Nerds of the world, take heart. Brainy male birds have more luck with females than do their less-intelligent counterparts, according to a study of the Australian bowerbird. Researchers claim this is the first study to show a link between smarts and mating success in any species.
It's hard to find a bird with a more complex and energetic courtship behavior than the bowerbird. At breeding season, males build a special platform, or bower, on the forest floor to lure females, and they decorate it with rare objects such as blue feathers and shiny bits of glass. They accompany this with varied vocalizations, hopping, and tail-bobbing.
These behaviors help male bowerbirds attract mates, but are the females also looking for a guy with brains? To find out, researchers at the University of Maryland, College Park, mucked with about 30 bowers they found at Wallaby Creek in Australia. Graduate student Jason Keagy took advantage of males' dislike of having red objects in their bowers (they much prefer blue, apparently because of its rarity in natural settings). In one test, he placed a red plastic battery terminal cover in a bower and covered it with a transparent box that the birds had to tip and drag off; in another, he fixed red tiles in the bowers with screws, forcing the birds to try to cover them up with leaves and twigs. The team then used automated video cameras to monitor the bowers.
The best problem-solvers scored the most copulations, the team reports online this month in the journal Animal Behaviour. In the battery-cover test, for example, some birds took only 20 seconds to remove the object, yet a few couldn't do it at all. Mating success varies widely from bird to bird, with number of copulations per individual during the breeding season ranging from zero to several dozen. Roughly speaking, the most competent birds averaged about twice as many copulations as the slowest problem-solvers, the researchers report.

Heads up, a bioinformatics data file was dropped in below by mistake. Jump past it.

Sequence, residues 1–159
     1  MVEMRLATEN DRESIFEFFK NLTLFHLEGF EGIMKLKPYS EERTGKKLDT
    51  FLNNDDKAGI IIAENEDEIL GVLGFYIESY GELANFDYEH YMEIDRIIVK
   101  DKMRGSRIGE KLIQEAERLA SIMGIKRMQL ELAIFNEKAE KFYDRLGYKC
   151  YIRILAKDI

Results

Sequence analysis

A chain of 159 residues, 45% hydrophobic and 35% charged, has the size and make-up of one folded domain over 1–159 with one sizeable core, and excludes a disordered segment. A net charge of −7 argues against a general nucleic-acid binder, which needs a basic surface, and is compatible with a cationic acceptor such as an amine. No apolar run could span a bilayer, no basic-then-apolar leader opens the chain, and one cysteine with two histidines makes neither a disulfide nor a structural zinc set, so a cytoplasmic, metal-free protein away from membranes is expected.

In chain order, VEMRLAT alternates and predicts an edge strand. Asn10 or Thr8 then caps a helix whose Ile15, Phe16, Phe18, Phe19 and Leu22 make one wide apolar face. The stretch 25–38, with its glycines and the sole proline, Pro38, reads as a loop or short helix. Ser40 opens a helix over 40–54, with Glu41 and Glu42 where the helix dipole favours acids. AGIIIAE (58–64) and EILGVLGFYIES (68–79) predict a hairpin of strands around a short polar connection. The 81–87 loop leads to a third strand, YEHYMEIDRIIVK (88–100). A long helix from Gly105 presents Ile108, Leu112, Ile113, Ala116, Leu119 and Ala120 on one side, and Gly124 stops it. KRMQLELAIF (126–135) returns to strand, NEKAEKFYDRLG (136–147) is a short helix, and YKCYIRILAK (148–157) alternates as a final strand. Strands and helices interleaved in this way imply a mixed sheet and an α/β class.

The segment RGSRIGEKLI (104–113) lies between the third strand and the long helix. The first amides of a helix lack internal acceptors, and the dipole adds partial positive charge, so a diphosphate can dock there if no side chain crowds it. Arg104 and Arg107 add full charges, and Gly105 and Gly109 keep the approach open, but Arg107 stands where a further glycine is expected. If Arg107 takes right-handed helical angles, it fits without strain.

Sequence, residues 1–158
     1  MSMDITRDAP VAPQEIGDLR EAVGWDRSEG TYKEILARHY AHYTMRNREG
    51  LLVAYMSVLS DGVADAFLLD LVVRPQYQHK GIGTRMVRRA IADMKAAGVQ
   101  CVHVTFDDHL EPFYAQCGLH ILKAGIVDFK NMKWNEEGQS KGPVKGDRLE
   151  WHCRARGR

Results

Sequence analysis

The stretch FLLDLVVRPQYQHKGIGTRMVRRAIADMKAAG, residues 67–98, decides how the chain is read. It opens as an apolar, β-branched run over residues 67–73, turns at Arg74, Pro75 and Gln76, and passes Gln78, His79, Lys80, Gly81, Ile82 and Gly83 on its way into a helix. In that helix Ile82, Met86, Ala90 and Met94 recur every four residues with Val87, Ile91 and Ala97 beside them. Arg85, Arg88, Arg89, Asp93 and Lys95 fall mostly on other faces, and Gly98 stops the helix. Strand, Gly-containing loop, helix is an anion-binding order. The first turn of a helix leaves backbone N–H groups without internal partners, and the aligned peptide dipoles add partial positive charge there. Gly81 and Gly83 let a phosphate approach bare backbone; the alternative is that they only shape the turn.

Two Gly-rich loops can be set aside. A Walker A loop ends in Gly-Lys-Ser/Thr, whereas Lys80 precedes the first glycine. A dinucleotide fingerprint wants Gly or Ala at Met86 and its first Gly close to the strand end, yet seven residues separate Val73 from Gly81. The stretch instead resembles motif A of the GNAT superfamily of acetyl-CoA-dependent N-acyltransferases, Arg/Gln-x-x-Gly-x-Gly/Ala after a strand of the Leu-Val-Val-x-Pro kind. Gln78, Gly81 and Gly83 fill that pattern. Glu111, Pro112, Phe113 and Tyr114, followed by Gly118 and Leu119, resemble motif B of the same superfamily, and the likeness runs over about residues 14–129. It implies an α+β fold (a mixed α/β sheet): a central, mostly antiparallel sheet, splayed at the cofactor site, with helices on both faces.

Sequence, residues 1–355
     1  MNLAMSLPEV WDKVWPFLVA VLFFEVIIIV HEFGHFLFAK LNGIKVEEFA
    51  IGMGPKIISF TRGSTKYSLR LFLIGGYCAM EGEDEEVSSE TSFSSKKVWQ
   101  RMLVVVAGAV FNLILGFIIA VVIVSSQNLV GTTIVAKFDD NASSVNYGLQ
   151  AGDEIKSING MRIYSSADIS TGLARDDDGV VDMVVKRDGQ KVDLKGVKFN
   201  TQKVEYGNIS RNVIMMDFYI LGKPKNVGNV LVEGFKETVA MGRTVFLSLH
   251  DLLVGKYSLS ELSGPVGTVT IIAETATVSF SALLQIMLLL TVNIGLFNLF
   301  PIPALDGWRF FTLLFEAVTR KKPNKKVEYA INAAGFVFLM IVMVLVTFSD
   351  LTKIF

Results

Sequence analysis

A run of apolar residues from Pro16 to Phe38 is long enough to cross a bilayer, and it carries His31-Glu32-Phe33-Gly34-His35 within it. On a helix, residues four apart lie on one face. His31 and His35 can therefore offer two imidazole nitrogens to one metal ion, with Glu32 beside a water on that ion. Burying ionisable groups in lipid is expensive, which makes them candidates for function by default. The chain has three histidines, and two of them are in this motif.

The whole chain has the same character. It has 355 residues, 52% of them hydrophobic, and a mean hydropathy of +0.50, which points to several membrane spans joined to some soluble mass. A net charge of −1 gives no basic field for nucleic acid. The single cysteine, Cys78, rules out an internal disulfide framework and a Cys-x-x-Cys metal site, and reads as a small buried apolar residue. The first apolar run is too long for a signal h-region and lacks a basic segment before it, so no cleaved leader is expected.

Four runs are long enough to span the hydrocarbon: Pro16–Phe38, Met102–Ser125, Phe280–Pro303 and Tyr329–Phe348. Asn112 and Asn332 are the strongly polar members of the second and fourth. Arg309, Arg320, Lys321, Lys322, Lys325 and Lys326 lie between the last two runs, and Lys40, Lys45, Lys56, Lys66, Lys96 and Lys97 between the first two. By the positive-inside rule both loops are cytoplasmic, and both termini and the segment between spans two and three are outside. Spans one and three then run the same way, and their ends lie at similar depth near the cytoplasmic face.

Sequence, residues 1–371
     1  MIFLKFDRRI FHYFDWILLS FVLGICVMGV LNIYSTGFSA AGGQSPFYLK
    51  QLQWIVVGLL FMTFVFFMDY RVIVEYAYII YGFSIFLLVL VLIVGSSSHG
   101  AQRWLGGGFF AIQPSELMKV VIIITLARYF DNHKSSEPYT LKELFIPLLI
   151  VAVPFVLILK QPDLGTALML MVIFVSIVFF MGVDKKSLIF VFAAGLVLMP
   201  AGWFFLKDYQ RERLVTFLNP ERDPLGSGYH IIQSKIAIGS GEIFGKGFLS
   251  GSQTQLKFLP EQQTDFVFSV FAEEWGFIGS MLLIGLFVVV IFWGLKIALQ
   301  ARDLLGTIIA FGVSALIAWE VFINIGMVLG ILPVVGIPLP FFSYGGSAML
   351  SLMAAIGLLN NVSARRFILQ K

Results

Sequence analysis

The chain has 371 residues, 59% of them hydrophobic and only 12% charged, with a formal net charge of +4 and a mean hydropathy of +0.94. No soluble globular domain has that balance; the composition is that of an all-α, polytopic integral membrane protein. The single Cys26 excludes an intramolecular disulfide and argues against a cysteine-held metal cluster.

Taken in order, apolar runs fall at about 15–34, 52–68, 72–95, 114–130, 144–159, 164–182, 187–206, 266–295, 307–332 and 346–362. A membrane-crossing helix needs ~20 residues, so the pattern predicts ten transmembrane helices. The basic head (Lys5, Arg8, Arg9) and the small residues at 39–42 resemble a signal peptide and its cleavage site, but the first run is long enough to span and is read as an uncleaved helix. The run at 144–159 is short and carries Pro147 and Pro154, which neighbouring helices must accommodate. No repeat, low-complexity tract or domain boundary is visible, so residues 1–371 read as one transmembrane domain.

Keagy says he plans to see if the bowerbirds' renowned ability to mimic the calls of other species correlates with problem-solving abilities and success with the ladies. His ultimate goal is to formulate a measure of general cognitive ability, or "g," in bowerbirds.
Carlos Botero, a behavioral ecologist at the National Evolutionary Synthesis Center in Durham, North Carolina, says that as far as he knows, this is the first experimental demonstration of a link between problem-solving ability and reproductive success. "This is a really nice observation," he says, although "at this point, we don't know why this correlation exists"--that is, whether females really are selecting mates on the basis of intelligence or on something such as a sexy dance that is not related to g.